In this case, Jones sues for the right of access to bras and panties. He alleges female prisoners in Illinois have the right to purchase eye shadow, eyeliner, feminine hygiene deodorant, bleaching creme, hair rollers, lipstick, mascara, nail polish, rouge, panties, bras, and slips. Jones is upset because he does not have the same rights as female inmates. The warden at the Stateville Correctional Center refuses to authorize the purchase of these items for the male prisoners under his control. Jones contends this violates his rights under the First and Fourteenth Amendments. He holds the founding fathers of this country up as his role models because they wore wigs and makeup.
As will become more apparent in our discussion of the cases before us, Jones has several themes which run repeatedly through his many lawsuits. One of those themes is Jones' asserted constitutional right of access to women's makeup and apparel. This court has once before rejected as frivolous Jones' claim that he had a constitutional right to purchase and wear women's panties and lipstick. Jones v. Edgar, 92 C 2581 (N.D.Ill. June 18, 1992). This court, however, is not the only one to consider Jones' claim that he has a right to purchase female attire. Judge Michael M. Mihm of the Central District of Illinois fully analyzed the merits of such a claim in a similar suit that Jones brought against officials at the Pontiac Correctional Center. Jones v. Gramley, 815 F. Supp. 276 (C.D.Ill. 1993).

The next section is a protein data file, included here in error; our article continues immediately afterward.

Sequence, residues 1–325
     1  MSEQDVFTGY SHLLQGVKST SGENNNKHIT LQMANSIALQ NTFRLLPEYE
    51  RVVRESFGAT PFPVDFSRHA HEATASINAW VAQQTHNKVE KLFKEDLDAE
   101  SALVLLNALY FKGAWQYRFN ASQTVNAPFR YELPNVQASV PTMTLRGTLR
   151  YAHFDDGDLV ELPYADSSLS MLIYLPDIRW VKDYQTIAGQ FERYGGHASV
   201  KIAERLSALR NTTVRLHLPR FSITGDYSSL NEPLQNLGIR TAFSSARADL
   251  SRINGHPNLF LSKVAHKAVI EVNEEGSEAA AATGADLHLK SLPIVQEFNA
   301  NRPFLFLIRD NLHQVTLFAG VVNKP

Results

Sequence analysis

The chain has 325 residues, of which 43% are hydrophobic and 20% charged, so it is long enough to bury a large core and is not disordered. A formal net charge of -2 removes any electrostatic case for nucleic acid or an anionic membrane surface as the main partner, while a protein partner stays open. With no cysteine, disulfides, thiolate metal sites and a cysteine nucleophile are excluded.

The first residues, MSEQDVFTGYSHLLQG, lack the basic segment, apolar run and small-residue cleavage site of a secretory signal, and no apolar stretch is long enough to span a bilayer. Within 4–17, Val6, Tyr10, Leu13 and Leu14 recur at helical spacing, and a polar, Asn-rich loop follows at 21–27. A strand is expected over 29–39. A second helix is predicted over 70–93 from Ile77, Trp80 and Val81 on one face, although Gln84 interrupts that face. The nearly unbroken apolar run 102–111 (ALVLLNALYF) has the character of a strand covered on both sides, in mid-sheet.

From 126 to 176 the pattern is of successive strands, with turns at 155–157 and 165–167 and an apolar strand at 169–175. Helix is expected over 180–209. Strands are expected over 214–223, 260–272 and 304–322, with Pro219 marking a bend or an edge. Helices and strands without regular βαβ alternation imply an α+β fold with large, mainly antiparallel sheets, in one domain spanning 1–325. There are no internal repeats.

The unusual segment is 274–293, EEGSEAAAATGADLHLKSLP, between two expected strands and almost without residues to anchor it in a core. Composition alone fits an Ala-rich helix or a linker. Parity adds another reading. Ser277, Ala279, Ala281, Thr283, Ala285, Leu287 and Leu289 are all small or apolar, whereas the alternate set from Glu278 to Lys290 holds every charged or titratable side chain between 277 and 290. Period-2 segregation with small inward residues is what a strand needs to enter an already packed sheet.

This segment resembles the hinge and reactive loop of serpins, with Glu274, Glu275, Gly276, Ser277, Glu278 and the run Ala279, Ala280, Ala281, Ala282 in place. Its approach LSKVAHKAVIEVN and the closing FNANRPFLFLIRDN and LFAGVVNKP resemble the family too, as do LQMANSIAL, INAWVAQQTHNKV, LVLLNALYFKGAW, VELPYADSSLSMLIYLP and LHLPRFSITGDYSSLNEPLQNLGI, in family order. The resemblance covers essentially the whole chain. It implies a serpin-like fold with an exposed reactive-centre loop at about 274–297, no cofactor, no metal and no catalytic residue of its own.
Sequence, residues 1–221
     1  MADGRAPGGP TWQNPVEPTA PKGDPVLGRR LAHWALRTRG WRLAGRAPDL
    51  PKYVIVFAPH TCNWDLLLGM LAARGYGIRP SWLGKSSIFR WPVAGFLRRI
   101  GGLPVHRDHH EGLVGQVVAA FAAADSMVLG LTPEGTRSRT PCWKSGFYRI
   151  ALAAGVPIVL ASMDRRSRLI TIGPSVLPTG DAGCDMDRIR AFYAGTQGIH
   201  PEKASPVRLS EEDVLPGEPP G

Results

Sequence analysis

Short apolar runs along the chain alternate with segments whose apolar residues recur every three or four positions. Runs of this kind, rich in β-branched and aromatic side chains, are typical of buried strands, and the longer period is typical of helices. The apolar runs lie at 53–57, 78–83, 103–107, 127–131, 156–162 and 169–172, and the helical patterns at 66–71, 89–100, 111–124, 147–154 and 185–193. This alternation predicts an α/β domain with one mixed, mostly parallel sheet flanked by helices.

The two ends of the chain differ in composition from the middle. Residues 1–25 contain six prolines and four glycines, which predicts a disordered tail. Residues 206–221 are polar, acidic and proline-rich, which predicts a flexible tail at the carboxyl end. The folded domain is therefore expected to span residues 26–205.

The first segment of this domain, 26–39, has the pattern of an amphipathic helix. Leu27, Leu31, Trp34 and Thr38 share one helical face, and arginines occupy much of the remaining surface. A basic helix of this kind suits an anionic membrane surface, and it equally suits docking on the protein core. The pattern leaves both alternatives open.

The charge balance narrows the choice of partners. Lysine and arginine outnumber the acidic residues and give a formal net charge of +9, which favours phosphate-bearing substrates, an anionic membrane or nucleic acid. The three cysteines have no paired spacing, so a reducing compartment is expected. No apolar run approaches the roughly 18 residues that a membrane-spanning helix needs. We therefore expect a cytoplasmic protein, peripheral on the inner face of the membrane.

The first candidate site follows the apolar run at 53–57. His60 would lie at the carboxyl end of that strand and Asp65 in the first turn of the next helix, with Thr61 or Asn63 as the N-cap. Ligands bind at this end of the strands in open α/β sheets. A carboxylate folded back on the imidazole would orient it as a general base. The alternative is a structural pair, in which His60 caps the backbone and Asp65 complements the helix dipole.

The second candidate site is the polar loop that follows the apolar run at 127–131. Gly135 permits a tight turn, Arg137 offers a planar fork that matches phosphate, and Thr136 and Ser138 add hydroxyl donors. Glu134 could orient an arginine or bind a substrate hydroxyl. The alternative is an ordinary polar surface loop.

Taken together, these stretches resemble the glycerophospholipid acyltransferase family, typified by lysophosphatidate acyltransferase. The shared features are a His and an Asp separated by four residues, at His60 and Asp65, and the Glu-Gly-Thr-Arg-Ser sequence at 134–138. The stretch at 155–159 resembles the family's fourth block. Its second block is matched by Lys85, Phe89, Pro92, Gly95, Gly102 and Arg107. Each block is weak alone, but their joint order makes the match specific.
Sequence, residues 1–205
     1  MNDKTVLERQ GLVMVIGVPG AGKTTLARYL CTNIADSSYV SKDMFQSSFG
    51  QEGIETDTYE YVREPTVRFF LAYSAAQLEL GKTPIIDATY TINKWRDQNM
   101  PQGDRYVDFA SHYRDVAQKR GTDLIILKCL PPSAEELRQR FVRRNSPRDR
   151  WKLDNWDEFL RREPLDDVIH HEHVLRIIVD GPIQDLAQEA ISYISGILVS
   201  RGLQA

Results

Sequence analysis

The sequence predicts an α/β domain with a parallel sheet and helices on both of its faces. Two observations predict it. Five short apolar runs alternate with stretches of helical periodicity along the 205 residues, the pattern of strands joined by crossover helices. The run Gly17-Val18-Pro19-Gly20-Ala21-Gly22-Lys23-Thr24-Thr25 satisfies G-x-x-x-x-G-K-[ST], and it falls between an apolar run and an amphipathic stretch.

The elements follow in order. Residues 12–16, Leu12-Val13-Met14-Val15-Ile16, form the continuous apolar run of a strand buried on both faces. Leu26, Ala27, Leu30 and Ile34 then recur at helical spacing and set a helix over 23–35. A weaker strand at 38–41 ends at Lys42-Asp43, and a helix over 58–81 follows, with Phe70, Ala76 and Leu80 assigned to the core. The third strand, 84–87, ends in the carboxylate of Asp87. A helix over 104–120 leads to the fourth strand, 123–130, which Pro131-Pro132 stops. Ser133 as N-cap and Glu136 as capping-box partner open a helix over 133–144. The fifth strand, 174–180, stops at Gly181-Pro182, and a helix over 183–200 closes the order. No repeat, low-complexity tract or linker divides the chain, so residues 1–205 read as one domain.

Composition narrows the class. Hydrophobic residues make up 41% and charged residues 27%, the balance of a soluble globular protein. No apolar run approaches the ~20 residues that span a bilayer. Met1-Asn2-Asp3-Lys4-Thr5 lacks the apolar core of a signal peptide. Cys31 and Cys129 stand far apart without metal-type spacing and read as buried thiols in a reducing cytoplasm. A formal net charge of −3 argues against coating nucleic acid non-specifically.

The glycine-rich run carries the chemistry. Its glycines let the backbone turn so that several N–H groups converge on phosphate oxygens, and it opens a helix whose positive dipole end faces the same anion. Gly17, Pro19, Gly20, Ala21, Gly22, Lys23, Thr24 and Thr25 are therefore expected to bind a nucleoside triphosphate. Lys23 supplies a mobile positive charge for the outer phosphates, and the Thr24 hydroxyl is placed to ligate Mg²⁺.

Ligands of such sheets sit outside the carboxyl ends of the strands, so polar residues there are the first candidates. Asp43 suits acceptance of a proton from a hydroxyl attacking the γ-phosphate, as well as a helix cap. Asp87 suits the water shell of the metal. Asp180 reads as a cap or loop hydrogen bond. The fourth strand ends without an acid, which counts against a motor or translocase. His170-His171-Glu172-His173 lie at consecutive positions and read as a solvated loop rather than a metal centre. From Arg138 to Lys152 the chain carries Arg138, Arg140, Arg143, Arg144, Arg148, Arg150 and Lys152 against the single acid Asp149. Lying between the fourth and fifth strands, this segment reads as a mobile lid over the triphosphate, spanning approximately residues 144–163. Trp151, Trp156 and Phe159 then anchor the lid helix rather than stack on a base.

The court need not elaborate any further on its earlier decision or Judge Mihm's thorough opinion. Neither the Equal Protection Clause nor the First Amendment arguably accord Jones the right of access to women's clothing while confined in a state prison. The complaint in 92 C 7404 is dismissed as frivolous. Plaintiff's motion to amend his complaint in 93 C 69, which again asserts the right to wear women's panties, is also denied.
Another theme that runs through many of Jones' complaints is his need for protection from other inmates. In this action, Jones sues former Stateville Correctional Center Warden Salvador Godinez. He charges defendant with failing to provide him adequate protection from physical abuse at Stateville, a maximum security facility housing aggressive inmates. Jones avers that he faces daily sexual harassment from fellow prisoners because he is an effeminate homosexual or, as he refers to himself, "drag queen." He maintains defendant has not adequately addressed Jones' security problem because he has allowed Jones to be placed in cells with aggressive and/or "straight" males rather than other "effeminate" homosexuals.